Recently, the New York Times has twice featured Wal-Mart in reference to their attempts to implement changes into their supply chain. Both Thomas Wailgum and Stephanie Rosenbloom report that at the company’s annual sustainability summit, held this year in Beijing, CEO Lee Scott made the call to suppliers to live up to a vision of environmentally friendly manufacturing and higher standards of product safety. Ultimately, the goal is for higher manufacturing and operations standards to enable the realization of “a more environmentally and socially responsible global supply chain.” In the presence of not just suppliers, but Chinese government officials as well, CEO Lee Scott said:
“A company that cheats on overtime and on the age of its labor, that dumps its scraps and chemicals in our rivers, that does not pay its taxes or honor its contracts–will ultimately cheat on the quality of its products. And cheating on the quality of products is the same as cheating on customers […] We will not tolerate that at Wal-Mart.”
The policies outlined in what was named as the “Global Responsible Sourcing Initiative,” are broad and comprehensive, but they are not particularly ambitious. Among these policies were that suppliers would comply with their respective local
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Wailgum notes that these policies reflect Wal-Mart’s attempt to repair its corporate image in the United States, one that has to a certain extent been directly affected by its dependence on China, a manufacturing powerhouse that has garnered little in the way of plus points with regards to product safety and quality. Wailgum notes that 70 percent of the products retailed by the company come from China, and as such these policies could be classified as ‘risk management’ rather than any overwhelming environmentalist ethos driving the company. However, Rosenbloom also opines that such changes are reflective of a new Wal-Mart that is moving away from short-term supplier relationships to long-term ones with a smaller set of manufacturers. Hypothetically, by developing longer-lasting relationships with manufacturers, they can leverage their ability to obtain lower prices, and scrutinize them better as well. Furthermore, Rosenbloom points out that Wal-Mart’s environmental shift has not been without precedence, as it has in recent years, made environmental and labor initiatives a key aspect of company policy.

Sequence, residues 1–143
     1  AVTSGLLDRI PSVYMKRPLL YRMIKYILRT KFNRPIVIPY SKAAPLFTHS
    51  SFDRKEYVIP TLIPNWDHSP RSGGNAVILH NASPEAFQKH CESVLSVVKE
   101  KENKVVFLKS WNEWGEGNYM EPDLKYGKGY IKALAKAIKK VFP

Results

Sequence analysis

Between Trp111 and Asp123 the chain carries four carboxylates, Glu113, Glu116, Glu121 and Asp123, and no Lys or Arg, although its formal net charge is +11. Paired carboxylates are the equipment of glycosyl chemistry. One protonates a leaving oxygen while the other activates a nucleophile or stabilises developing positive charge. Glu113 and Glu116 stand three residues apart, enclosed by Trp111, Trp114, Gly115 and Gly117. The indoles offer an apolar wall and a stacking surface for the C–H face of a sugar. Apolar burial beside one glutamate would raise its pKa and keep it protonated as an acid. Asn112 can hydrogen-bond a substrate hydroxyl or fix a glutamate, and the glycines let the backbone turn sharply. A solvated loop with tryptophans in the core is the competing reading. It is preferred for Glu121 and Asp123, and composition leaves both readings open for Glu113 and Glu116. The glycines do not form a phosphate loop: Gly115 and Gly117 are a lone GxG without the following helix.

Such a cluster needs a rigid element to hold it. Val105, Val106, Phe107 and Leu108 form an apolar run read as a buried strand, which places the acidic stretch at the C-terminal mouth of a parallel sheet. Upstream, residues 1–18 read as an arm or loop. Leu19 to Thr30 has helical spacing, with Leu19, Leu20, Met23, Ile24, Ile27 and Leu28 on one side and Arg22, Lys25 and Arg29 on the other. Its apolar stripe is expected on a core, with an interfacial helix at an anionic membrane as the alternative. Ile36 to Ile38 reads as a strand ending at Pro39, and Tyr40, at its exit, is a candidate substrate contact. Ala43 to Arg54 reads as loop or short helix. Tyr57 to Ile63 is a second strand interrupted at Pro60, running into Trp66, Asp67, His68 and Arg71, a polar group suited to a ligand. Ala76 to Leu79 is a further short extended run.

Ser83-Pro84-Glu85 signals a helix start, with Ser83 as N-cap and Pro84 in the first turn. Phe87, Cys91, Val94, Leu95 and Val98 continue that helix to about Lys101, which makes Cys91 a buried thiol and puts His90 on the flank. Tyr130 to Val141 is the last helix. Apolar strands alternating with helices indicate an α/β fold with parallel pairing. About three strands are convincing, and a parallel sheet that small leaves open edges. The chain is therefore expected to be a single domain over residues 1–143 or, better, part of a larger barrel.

Regardless of motivation, the critical question is whether Wal-Mart can really meet the goals outlined above, and Wailgum reports that most industry watchers remain skeptical. Such skepticism is directed towards a broad number of those policies. The complexity of supply networks, Chinese or otherwise, makes the notion that defective merchandise can be eliminated from it in four years rather far-fetched. Furthermore, Wal-Mart’s core strategy is about making suppliers compete in their ability to offer low prices, and one watchdog group director argues that this only gives suppliers an incentive to cheat. Additionally, incorporating the kind of transparency that allows both customers to investigate the veracity of environmental claims is problematic, never mind the cost of an IT infrastructure to small suppliers to enable these checks.
CEO Lee Scott has a simple rebuttal: “People will judge us based on the results.” Simply put, no matter how lofty Wal-Mart’s goals are, and no matter what track record they have what counts the company will have to put its money where its blue light special is.
Wailgum, Thomas. “Wal-Mart aims to go green with global supply chain makeover.” The New York Times. 24 October 2008. Retrieved on November 5, 2008 from: http://www.nytimes.com/external/idg/2008/10/24/24idg-Wal-Mart-aims-t.html?pagewanted=all
Rosenbloom, Stephanie. “Wal-Mart promises to tighten standards for suppliers.” The New York Times. 23 October 2008. Retrieved on November 5, 2008 from: http://www.reclaimdemocracy.org/walmart/2008/tighter_standards_suppliers.php